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Baltimore's first-ever 9/11 Heroes Run kicks off at the Inner Harbor

Some 250 people stepped out Sunday for Baltimore’s first 9/11 Heroes Run to honor fallen veterans and first responders.

The run, which wound across the Inner Harbor into Little Italy and back, was dedicated to Xavier Martin, the 24 year-old sailor from Halethorpe who died in June when the Navy destroyer he was aboard collided with a containership off the coast of Japan.

“Today’s been incredible,” said Pat Cappelaere of Ellicott City, who helped bring the event together. His daughter, naval aviator Valerie Cappelaere Delaney, was killed in 2013 during a training exercise in Washington state. Delaney was a lacrosse player, and dozens of young lacrosse players from Towson ran in the race.

Sunday’s race included some 30 Gold Star families, who have lost family members in the military. Cappelaere said events like the run help them realize they’re not alone.

“It’s about being part of something bigger than ourselves,” he said.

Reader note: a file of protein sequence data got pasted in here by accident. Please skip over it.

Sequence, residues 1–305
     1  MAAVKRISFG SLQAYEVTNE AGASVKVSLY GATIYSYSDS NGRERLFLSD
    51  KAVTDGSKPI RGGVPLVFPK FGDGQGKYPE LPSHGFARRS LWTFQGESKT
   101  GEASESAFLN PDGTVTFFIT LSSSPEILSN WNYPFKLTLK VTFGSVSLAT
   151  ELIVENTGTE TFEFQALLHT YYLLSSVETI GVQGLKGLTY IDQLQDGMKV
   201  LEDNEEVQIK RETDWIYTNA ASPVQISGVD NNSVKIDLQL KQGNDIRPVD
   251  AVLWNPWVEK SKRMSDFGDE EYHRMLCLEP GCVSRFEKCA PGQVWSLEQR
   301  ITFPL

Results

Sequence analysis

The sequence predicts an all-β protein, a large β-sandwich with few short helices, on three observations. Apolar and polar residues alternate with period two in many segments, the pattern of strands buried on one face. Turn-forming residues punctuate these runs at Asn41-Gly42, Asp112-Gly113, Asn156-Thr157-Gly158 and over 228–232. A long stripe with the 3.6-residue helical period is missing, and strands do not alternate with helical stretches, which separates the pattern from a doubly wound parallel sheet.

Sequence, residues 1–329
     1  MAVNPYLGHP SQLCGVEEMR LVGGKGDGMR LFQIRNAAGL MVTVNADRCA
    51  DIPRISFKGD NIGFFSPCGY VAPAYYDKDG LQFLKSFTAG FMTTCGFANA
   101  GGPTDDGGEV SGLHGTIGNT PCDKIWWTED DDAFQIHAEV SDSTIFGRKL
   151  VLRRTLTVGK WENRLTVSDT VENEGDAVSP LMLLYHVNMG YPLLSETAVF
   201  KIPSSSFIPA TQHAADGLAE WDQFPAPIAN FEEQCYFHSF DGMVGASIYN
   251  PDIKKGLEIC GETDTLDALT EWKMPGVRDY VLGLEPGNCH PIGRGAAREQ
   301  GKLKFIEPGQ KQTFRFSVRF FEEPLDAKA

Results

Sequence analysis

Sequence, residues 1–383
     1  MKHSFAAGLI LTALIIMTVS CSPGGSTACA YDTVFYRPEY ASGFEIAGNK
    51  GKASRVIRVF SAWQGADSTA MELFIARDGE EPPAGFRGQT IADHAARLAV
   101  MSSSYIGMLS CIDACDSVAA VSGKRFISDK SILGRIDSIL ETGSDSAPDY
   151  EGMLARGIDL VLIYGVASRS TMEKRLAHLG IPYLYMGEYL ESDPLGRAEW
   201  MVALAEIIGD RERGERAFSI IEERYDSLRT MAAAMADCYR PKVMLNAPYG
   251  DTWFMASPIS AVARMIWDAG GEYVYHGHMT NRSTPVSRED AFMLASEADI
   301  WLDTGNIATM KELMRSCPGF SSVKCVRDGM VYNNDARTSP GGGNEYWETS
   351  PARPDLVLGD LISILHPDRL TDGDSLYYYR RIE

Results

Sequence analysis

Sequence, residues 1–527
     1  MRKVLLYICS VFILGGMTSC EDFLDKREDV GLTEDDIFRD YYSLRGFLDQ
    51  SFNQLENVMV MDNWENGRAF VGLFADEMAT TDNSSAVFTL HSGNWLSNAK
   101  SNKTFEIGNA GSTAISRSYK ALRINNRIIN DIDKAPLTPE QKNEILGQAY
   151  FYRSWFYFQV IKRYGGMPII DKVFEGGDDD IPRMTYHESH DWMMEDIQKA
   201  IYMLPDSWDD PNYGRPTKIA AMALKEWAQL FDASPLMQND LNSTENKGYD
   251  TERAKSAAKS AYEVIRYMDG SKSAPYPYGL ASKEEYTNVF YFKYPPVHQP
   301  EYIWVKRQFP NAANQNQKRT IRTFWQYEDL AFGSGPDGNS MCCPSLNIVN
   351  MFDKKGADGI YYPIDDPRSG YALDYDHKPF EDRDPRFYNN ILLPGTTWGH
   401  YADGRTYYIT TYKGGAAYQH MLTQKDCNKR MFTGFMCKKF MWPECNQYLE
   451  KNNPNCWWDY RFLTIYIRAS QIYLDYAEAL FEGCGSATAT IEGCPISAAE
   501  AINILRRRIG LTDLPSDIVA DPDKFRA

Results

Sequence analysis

Cappelaere, a software architect, regularly reaches out to other Gold Star families. He was one of the first to speak to Darrold Martin, Xavier Martin’s dad, after he died.

Darrold Martin sat wearing dark sunglasses, a photo of his son in uniform on his T-shirt. It was another painful Sunday in the months since his son’s death.

“It’s hard,” he said. Xavier would have been 25 last week. “So that was very difficult.”

He perked up when talking about his son’s honors. A wing of a Navy building in Tennessee was named after him. He flipped through photos showing his son's name.

“That is so cool,” he said.

Martin still has questions about how his son died.

“This was, for lack of a better term, a traffic accident,” he said. Other Navy ships have crashed this year. Through Gold Star families, Martin has been in touch with people who had family members on board the USS McCain, a destroyer that collided with a ship in August, killing 10 sailors.

“We talk constantly,” he said.

Martin said he’s found solace in meeting other people like him through Gold Star families.

“They get me,” he said. “It’s a beautiful organization but it sucks, because initiation is you have to lose someone.”

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